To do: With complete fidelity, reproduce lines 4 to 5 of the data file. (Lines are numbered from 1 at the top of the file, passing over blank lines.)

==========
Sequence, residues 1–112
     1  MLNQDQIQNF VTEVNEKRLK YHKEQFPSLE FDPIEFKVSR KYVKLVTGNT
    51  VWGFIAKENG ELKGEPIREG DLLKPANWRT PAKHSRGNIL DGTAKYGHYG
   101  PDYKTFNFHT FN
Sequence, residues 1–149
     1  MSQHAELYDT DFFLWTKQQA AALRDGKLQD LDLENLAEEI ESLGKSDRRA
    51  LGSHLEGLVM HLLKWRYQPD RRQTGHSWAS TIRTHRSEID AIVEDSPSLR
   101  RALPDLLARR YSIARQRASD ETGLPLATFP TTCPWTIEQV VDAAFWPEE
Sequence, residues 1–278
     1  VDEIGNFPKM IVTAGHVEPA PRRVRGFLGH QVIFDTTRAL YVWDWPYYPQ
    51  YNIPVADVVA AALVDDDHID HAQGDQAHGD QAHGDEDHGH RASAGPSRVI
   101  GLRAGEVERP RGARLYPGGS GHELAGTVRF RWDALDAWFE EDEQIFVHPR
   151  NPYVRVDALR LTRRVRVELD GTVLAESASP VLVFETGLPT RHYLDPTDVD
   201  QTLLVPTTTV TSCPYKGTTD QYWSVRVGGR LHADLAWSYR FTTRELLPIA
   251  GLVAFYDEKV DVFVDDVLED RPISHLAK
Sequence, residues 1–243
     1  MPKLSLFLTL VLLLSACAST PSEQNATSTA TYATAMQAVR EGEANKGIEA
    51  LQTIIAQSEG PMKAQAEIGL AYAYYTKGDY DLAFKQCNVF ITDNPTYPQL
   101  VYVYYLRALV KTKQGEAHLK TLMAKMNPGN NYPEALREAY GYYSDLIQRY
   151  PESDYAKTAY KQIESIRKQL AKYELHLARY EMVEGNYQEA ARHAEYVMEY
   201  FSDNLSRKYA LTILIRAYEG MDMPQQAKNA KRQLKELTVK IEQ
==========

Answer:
   101  PDYKTFNFHT FN
Sequence, residues 1–149